RVs are more difficult to drive than regular cars because of their sheer size and poor maneuverability issues. In many cases, these drivers are senior citizens that may have diminished eyesight, a hard time steering, or delayed response to certain driving conditions. The Federal Motor Carrier Safety Administration reported that over 75,000 people have been injured in wrecks involving recreational vehicles and motor homes in 2012 alone.
Causes of Motor Home Accidents
There are the obvious causes: texting while driving and other forms of distracted driving, speeding, or drunk driving. But especially when it comes to RVs, travel trailers, or campers, there are the not-so-obvious causes, such as:
- Inexperienced Drivers
- Distracted Driving
- Overloading of passengers
- Towing other vehicles behind the motor home without a propper braking system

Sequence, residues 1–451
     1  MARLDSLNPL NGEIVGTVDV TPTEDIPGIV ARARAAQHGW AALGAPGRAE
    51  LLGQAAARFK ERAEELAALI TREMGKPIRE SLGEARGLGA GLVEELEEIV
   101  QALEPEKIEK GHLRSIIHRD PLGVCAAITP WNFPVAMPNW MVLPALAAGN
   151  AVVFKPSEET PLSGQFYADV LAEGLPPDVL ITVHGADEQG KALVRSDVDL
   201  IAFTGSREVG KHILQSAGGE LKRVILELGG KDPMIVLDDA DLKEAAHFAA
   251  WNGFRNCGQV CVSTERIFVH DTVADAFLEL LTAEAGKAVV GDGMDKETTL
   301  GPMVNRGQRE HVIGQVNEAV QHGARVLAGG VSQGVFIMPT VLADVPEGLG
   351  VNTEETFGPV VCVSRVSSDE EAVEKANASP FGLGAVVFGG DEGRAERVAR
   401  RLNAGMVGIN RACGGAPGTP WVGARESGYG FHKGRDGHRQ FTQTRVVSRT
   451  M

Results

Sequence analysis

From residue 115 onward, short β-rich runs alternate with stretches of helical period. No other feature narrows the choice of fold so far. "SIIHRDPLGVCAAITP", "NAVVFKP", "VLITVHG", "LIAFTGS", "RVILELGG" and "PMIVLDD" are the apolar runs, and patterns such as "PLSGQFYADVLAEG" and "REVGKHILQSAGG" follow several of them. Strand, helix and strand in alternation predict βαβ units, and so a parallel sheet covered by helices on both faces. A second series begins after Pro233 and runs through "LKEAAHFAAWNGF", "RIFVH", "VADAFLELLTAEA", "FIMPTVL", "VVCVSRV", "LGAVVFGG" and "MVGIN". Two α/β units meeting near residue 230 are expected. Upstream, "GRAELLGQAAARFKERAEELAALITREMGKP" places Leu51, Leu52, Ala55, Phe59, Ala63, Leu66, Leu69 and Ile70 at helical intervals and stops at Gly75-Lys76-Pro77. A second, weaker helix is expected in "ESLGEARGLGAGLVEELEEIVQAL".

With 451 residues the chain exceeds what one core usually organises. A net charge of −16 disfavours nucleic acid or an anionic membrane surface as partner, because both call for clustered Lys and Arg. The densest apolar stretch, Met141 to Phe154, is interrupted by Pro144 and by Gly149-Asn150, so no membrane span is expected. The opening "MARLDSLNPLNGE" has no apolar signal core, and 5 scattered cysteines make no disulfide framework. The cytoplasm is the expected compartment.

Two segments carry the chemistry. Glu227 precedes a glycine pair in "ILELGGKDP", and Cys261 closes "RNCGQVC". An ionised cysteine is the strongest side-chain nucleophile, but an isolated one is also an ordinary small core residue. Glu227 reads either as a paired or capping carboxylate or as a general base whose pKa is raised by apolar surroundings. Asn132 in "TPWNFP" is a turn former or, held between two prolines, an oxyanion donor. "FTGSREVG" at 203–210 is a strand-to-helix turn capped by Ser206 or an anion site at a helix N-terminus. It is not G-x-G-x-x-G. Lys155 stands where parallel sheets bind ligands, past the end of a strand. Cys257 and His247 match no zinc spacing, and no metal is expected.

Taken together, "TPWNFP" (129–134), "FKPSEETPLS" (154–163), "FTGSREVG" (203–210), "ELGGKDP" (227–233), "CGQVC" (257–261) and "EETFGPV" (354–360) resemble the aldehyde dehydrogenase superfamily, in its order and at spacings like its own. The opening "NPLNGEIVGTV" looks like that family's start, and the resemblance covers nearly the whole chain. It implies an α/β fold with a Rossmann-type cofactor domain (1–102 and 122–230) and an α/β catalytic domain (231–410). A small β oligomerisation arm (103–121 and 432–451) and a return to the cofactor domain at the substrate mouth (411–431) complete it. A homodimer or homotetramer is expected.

- Poor maintenance, including ABS brakes that fail or are not properly adjusted
- Unequal weight distribution or exceeding the allowable weight, causing poor handling and rollovers
- Hitch systems that are improperly set up, resulting in loose and run-away trailers or vehicles
- Insufficient training and experience on the part of the RV driver, causing the driver to overreact or drive unsafely
- RV drivers who do not stay aware of their surroundings may hit bicyclists, pedestrians, and smaller autos
- Impropper mirror adjustments and blind spots
- Driving too fast
- Pooly Calculated Turns
Remember, going too fast in a motor home is extremely dangerous, RV’s take longer to stop and more space to turn than a car or van.
Tires are one of the leading causes of fatal accidents for RV’s. Check the tires before taking out on your trip, especially after the RV has been parked for a time. While RVs are being driven, their tires are used at or near maximum loads during hot weather. While parked, RV tires are out of service for long periods of time. How RV tires are stored or protected during extended stays can affect their condition and saftey on the road.